How to Cope in a Crash
When the property market was running hot and prices rising rapidly, we had people acting irrationally because of FOMO – Fear of Missing Out.
Now that prices have retreated, FOMO has been replaced by FOOP – Fear of Over Paying. That is, avoiding committing to the purchase of a property that might be worth even less in the near future.
Meanwhile, Millennials have coined their own aspirational acronym – FIRE, which is Financially Independent Retiring Early.
So, it seems you might have FOMO-FIRE-FOOP… fear of missing out, being financially independent and retiring early, but simultaneously unable to act because you are suffering acute fear of over-paying!
Arrrrrrrrrrrrrrrrrrgh! Honestly, it’s ALL nonsense.
People only suffer FOMO or FOOP because they lack a plan and are instead caught up in the hype or hysteria of the day. Furthermore, people are unlikely to ever FIRE up because they don’t have a plan, and instead have to rely on long-term luck.
You don’t need to be Nostradamus to predict that property prices will, for the foreseeable future, be more likely to go down than up.
Economics 101 reveals that when there are more sellers than buyers, prices will decline because people have to sell, but people don’t have to buy.
You should expect even fewer buyers in 2019 for these three reasons:
Reason #1: it’s become harder, and it will become even harder, to borrow money in 2019 when the Royal Commission in Bank Bastardry is over. Less borrowing means less buyers.
Reason #2: sentiment has softened, so the appetite to speculate has vanished.
Reason #3: foreign buyers have either flown, or been chased, away.
Simultaneously, with loans becoming more expensive, either because interest rates are going up or because loan terms are changing from interest-only to principal and interest, debt is becoming less affordable and so the number of forced (or about-to-be-forced) sellers will increase too.
In other words, the property market is poised to suffer a double whammy: a drop in demand, and an increase in supply. That said, it too will pass, and one day the sun will come out and dry up all the rain, and real estate will be back in vogue and prices will bounce back.
What To Do?
Remember this time-worn money mantra: (capital) preservation first, profit second.
If you aren’t making a profit, then you must be making a loss, because breaking even is really going backwards (because your investment capital could be invested risk-free in a term deposit), and the bigger your loss, the faster your hard-earned wealth is evaporating.
So, here’s what I recommend you consider, depending on which category best describes your circumstances:
Growth Orientated Investors
For this reason, if you are a growth-oriented investor and the market(s) where you have bought is not appreciating, then you need to choose whether you think it is a short-term glitch you can survive, or whether you would be better off selling up and jumping back in after conditions improve. Survival is a question of how easily you can ‘fund the loss’, and the risk that later on, if you do want to sell, you will be able to exit at a price point that pays out your debt.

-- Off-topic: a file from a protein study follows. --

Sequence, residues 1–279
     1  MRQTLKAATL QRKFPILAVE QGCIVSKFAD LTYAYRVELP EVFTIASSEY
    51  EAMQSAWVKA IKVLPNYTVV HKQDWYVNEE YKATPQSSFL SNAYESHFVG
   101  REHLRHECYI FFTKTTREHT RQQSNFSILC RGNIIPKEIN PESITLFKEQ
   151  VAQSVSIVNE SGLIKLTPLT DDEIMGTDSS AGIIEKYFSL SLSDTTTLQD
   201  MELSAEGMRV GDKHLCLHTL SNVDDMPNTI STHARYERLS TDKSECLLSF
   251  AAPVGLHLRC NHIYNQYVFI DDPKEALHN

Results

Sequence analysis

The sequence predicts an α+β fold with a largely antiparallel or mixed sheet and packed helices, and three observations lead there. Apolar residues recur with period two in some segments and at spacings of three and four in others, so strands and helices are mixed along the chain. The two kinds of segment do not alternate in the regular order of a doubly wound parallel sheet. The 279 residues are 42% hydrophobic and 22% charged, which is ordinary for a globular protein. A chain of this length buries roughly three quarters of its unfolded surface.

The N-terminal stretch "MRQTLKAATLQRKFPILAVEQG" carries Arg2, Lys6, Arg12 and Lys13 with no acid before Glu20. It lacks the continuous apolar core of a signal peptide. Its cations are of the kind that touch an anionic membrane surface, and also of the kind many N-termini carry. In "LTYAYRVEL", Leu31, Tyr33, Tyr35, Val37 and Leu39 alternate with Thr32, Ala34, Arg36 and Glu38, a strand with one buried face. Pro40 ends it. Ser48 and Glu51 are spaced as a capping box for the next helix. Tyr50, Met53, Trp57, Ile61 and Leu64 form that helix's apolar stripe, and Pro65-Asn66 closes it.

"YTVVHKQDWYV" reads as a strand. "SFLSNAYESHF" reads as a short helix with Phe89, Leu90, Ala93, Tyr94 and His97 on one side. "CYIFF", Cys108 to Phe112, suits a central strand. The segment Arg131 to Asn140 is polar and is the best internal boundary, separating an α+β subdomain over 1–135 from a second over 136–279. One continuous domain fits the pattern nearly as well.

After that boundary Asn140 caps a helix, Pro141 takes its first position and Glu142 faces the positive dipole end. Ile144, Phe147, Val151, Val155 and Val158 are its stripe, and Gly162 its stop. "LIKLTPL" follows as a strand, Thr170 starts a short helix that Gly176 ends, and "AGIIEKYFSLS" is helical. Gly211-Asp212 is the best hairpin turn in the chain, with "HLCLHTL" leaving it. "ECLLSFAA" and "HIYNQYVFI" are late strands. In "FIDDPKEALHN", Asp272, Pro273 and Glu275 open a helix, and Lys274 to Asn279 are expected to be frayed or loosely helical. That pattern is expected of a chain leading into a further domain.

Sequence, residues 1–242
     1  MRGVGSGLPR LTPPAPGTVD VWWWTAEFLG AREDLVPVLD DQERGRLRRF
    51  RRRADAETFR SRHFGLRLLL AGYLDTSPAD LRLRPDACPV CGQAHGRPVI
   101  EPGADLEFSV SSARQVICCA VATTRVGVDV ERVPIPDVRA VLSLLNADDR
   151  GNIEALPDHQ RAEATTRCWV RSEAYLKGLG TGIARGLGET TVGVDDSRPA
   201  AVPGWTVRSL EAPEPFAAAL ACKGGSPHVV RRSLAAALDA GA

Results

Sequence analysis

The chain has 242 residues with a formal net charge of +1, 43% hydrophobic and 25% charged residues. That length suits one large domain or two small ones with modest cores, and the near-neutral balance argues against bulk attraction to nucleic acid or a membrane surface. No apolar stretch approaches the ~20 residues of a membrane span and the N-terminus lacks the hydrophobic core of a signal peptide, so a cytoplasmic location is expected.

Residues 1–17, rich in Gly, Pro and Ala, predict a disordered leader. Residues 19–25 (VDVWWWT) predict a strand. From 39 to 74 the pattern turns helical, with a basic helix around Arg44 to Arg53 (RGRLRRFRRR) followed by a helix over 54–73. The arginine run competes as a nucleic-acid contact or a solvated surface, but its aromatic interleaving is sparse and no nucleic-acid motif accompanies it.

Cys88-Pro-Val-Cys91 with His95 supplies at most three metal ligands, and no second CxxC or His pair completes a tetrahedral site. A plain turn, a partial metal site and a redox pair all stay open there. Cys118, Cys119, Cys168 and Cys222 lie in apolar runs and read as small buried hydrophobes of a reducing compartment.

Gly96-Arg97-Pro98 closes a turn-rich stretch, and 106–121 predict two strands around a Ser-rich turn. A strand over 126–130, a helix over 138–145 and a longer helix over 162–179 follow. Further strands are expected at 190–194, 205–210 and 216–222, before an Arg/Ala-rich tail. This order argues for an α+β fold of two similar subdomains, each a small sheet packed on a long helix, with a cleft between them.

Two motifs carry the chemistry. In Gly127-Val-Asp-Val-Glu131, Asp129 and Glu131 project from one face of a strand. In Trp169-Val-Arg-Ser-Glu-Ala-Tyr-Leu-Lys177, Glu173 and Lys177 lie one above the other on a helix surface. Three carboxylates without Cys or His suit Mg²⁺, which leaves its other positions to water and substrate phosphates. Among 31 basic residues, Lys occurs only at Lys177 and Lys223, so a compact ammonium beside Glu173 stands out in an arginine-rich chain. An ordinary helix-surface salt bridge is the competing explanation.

Highly Geared Investors
You never want to be a forced seller in a down market, as the price you’ll pay to move on in a hurry could be heavily discounted, even to the point of values dropping to less than you owe. This is a recipe for a financial bloodbath.
Highly geared investors face pressure from two angles.
First, ensuring there is sufficient margin between what the property is worth and what you owe, so if you do have to sell, you’ll walk away with some money in your pocket. If your loan to current market value is more than 80% then you’re in quite a high risk situation. If it were me, I’d be trying to get that down so I had more ‘margin’
Second, ensuring you can afford your loan repayments. This has two elements to it: ensuring the cost does not spike (because interest rates rise, or loan terms become more onerous e.g. they go from IO to P&I thus your loan payment increases), or because you suffer a hit to your income (if you lose your tenant, job, etc.) and so have less money to service your current loan. It would be wise to run a ‘worst case scenario’ what-if analysis and form a plan for what you would do to escape in the unlikely event of an emergency.
Highly Geared, Growth Orientated Investors
If the market has turned where you own, then you are implementing a very, very risky strategy. Only fools take risks when the downside is much bigger than the upside. It’s time to reconsider. Fast.
The Bargain Hunter
As Warren Buffet says, be fearful when people are greedy, and greedy when people are fearful! In that sense, a property market downturn is your opportunity to buy a bargain, provided you can hold on to it until conditions improve and prices recover.
Be careful though; do your due diligence. Even a dud deal will make money in a boom, but buy a dog in a downturn and you could lose a lot.
While you wait and watch, you’d be wise to build your cash reserves and also work on improving your credit worthiness, as, if real estate really does ‘hit the fan’, then it will be hard to borrow money because lenders will also be more concerned with preservation rather than profit.
I hope this article has given you some food for thought. As always, if you have any questions then post them below and I’ll do my best to help.